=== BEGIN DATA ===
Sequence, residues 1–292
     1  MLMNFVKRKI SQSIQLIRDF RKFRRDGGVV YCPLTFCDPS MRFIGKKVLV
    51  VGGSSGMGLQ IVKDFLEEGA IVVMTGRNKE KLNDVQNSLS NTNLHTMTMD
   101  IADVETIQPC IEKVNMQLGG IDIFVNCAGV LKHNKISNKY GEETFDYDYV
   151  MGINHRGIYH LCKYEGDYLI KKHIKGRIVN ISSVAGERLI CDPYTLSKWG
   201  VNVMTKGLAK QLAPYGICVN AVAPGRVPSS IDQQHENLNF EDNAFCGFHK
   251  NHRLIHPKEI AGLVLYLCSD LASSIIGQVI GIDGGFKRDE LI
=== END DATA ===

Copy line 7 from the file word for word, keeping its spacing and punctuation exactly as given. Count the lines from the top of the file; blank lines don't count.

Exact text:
   251  NHRLIHPKEI AGLVLYLCSD LASSIIGQVI GIDGGFKRDE LI